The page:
# 3 category car insurance probability

Mathematics Asked by mizerex on September 29, 2020

I couldn’t find any 3 category car insurance examples. I was able to deduce part a but I could use some help trying to figure out part b) of the following:

An insurance company believes that people can be classified into three groups: good risk,
average risk or bad risk. Their statistics show that the probabilities of good, average and bad
risk individuals being involved in an accident in any one year are $$0.04$$, $$0.12$$ and $$0.3$$ respectively.
Assume that $$20$$% of the population can be classified as good risk, $$55$$% as average risk and $$25$$% as

a. Find the proportion of policy holders having accidents in any one year.

b. Suppose that a new policy holder has an accident within a year of purchasing a policy. Find
the probability that the policy holder is an average risk.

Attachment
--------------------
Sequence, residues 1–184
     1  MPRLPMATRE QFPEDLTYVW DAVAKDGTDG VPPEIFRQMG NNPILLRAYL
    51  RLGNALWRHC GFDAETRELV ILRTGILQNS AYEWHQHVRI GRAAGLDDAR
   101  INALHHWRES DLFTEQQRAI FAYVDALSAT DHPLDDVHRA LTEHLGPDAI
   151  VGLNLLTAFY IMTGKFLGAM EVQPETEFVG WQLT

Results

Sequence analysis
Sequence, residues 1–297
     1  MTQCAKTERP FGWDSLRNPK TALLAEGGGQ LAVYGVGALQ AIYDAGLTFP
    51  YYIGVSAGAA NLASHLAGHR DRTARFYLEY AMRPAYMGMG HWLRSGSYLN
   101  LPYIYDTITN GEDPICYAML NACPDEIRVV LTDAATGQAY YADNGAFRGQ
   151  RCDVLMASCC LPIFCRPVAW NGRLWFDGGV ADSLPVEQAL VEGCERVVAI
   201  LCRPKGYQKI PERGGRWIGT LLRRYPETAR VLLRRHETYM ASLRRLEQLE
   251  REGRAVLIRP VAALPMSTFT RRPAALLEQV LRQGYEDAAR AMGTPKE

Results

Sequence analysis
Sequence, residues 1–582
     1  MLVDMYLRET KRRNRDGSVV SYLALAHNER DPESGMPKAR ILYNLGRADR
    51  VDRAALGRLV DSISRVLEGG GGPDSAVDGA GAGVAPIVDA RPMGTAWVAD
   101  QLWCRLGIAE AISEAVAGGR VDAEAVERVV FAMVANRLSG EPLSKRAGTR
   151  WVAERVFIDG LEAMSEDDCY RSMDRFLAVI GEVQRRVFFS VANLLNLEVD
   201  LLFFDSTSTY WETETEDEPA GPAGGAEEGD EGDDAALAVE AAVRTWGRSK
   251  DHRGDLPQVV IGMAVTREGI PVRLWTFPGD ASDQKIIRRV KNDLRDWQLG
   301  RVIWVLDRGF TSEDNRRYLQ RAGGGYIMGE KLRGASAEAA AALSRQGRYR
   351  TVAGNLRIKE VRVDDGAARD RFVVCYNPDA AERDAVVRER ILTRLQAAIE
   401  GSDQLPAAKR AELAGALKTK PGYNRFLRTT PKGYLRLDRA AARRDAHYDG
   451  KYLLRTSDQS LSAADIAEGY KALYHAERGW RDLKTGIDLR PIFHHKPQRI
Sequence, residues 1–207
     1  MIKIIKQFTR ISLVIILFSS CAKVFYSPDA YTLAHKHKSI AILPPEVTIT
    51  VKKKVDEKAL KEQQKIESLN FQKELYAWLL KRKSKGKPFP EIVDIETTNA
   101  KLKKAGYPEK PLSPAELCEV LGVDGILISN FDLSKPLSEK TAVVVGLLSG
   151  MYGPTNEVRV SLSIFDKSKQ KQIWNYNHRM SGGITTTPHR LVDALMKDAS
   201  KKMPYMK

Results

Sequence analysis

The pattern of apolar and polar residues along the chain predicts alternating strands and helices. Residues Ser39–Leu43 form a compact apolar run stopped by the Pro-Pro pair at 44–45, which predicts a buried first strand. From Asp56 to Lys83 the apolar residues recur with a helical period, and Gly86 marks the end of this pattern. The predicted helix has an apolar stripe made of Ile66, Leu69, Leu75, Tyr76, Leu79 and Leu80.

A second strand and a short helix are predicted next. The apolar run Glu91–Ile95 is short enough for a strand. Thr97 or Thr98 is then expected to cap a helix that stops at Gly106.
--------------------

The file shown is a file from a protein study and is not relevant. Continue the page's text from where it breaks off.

For part a, I think it was just asking for the total probability of an accident which was P(A) = P(good)P(A|good) + P(avg)P(A|avg) + P(bad)P(A|bad), which is: $$.2(.04)+.55(.12)+.25(.3) = .149.$$

I think part b) involves Bayes’ theorem where P(avg|A) = (P(A|avg)P(avg))/P(A), and where the denominator is the answer from part a, and the numerator are given parts from the statement.

20% is $$0.2$$. Since the probability of any of them getting an accident is $$0.04$$, the total amount out of the total population is $$0.2cdot 0.04 = 0.008.$$

Similarly, $$0.12cdot 0.55=0.066$$ and $$0.3cdot 0.25 = 0.075$$ are the probabilities for average and bad risk people getting an accident in one year.

$$0.008+0.066+0.075 = 0.149.$$

This means $$boxed{14.9%}$$ had accidents in one year.

The average people contribute $$6.6%$$, so $$frac{6.6%}{14.9%} approx 0.4429.$$

Therefore, for b the answer is $$boxed{44.29%}$$

Correct answer by FruDe on September 29, 2020